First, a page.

Lucas clearly felt strongly about the issue of free speech, stating that there is a huge difference between free speech and platforming. Lucas’s overall argument was to stop allowing speakers to platform at the University who will pose a threat to student welfare. Despite Lucas’s strong conviction, Alex responded by expressing a need for controversial speakers in order to facilitate debate – provided it is controlled. Heather added that University is the place to debate issues and remove the taboos associated with certain subjects. Dom, Alex and Charlie left the stage after performing an impromptu Macarena to the delight of Sophie Jewett, who praised their enthusiasm.

Next up were the potential Academic Officers, minus Lisseth Inza. YUSU veteran Thomas Ron (alias Tron) said that he wanted to finish what he had started and add more to that which had been offered already. This included greater care for disabled students and expanding the availability of Years in Industry for the humanities subjects, for example. Tamaki Laycock emphasised diversity and negotiation, and the importance of finding a balance between teaching and research. Thomas Ron disagreed animatedly, as for him the quality of direct teaching is more important. Tron delivered a buoyant performance whereas Tamaki remained collected, even recovering well when Tron reminded her that she studied a Social Science and not a Humanities subject.

After a precise eight minute break, the last session began. The final debate saw the Presidential candidates take to the stage to give an overview of their policies and promote their visions. Ananna Zaman was unable to make the debate due to illness. Only one of the present candidates was a member of  a college other than Vanbrugh.

Oliver Wilson spoke about practicality and improving the cycle routes between Heslington East and Heslington West. Ciaran Morrissey wanted to bring decision making to students, whilst JJ Wilson embarked on a full-scale endorsement of all things digital in order to bring YUSU into the modern age. Habib Nasar stood for better communications, including a petition site with which issues could be put forward. Millie Beach advocated a supportive system which would increase contact between representatives.

The candidates were asked what they had done in terms of college involvement. Millie held the position of Vanbrugh chair last year, and talked about the need to recognise diversity between colleges. Oliver simply said that he had never served in a college JCRC, which he felt reflected the majority of students. Habib was the International Rep for Vanbrugh and believes that college teams have the ability to create a ‘second family’ atmosphere.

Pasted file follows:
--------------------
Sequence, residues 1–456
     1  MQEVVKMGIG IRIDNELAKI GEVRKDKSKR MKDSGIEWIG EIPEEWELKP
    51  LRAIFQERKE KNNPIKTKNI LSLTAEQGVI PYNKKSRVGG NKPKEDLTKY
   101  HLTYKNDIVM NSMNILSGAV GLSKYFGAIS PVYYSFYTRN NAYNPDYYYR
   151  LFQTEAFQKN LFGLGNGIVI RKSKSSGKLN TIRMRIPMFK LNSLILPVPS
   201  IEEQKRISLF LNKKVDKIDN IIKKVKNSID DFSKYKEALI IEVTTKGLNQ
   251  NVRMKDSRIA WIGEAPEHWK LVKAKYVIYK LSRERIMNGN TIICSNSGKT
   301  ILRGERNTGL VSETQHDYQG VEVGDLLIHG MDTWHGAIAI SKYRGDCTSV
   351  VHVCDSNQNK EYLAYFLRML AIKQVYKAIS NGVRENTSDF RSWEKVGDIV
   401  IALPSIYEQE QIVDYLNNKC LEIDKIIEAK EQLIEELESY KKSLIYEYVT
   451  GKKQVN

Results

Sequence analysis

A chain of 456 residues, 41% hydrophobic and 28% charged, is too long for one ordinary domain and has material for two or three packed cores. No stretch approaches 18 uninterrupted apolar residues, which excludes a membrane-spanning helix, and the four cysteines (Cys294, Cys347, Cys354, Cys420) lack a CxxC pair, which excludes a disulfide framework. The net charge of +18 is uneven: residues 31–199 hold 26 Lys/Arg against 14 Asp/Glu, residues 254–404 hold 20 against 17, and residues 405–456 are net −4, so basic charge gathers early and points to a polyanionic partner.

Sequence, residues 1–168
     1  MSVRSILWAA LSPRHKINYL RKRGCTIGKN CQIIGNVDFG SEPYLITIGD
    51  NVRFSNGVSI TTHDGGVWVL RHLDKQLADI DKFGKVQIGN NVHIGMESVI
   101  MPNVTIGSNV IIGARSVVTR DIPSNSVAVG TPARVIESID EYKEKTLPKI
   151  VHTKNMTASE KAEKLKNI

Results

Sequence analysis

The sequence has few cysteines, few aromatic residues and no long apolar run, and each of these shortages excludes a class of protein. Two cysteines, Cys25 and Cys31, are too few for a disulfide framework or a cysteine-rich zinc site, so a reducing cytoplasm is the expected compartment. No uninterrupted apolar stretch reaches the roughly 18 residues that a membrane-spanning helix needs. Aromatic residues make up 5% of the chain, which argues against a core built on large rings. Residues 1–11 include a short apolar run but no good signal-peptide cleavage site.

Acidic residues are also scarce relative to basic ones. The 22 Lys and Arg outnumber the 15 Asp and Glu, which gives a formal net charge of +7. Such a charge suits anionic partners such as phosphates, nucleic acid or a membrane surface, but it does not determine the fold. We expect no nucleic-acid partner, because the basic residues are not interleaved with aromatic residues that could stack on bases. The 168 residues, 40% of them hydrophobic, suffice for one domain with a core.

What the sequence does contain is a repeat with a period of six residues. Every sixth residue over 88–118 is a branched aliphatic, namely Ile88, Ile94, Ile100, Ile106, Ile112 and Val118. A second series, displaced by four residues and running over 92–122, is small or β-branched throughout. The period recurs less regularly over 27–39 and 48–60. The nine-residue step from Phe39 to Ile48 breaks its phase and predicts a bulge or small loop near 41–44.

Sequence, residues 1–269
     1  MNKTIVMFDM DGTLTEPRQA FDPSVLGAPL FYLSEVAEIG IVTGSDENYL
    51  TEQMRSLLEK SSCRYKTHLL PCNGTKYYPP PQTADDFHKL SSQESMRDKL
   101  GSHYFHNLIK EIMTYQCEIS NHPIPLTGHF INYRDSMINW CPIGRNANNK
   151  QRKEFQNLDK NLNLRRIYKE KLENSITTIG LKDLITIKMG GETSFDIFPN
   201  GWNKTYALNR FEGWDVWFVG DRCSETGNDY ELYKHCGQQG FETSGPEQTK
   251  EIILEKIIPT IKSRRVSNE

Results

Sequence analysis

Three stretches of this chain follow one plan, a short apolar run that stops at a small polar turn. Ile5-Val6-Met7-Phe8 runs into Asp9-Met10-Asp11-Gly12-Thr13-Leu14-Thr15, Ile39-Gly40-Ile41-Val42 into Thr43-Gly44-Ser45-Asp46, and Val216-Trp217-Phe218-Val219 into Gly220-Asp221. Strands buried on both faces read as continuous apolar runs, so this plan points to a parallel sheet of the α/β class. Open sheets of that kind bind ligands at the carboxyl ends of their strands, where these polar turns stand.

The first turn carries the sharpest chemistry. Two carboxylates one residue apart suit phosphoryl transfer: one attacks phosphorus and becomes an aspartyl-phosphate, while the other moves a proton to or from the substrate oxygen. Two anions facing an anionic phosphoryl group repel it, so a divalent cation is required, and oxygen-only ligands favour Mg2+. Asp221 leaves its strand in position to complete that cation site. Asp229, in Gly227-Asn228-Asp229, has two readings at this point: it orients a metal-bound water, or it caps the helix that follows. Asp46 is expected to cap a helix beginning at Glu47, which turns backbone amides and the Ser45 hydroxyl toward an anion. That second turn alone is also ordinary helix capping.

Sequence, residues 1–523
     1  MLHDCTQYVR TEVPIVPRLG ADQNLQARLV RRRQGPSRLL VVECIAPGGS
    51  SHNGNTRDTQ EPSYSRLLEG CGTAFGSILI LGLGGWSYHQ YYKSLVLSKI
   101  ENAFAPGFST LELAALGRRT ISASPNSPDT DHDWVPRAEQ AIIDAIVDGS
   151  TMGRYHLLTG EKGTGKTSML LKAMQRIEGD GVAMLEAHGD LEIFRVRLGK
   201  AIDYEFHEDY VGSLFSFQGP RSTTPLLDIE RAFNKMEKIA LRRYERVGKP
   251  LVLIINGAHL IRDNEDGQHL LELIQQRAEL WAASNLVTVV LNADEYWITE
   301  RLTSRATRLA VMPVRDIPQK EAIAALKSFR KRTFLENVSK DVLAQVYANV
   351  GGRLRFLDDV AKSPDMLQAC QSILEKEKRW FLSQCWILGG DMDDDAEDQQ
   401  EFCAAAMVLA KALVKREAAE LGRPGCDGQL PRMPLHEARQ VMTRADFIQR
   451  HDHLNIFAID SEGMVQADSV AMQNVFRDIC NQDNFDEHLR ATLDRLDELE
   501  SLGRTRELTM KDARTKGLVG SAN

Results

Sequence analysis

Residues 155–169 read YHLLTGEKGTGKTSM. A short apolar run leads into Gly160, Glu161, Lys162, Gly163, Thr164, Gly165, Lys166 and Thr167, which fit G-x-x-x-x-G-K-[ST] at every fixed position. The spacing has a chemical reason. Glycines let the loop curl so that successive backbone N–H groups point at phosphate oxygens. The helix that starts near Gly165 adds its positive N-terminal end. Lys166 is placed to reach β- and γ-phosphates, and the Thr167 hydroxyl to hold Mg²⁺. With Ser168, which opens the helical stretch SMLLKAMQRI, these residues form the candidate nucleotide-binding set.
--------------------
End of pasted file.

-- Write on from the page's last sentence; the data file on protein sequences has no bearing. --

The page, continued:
When asked their stance on college BME officers, Millie, Oliver and Habib all felt that the decision to have this position belonged to the colleges themselves. JJ differed from this, detecting a current need for BME officers in order to increase representation. After being asked if free speech is more important than student safety, Ciaran quickly reprimanded the questioner for using the word ‘safety’. His assertion that we should not shield people from other’s opinions was met with considerable applause. All candidates agreed that University should foster debate.

In light of recent controversy concerning International Men’s Day, the candidates were asked if was necessary to create a Men’s Officer. The general consensus was that the creation of this position would only cause further conflict and could be better dealt with by the already existing welfare team. Millie said that this was a recurring issue which perhaps needed a compromise such as an equality committee. Habib voiced the importance of empowering women, whilst JJ proposed a referendum to see what the student body really thought.

Sophie closed the debate by informing YorkVision that, sixteen years since she studied at York, they were still a “pain”. She then wished all of the candidates good luck, and announced that the voting was officially open.

You can cast your vote at yusu.org/vote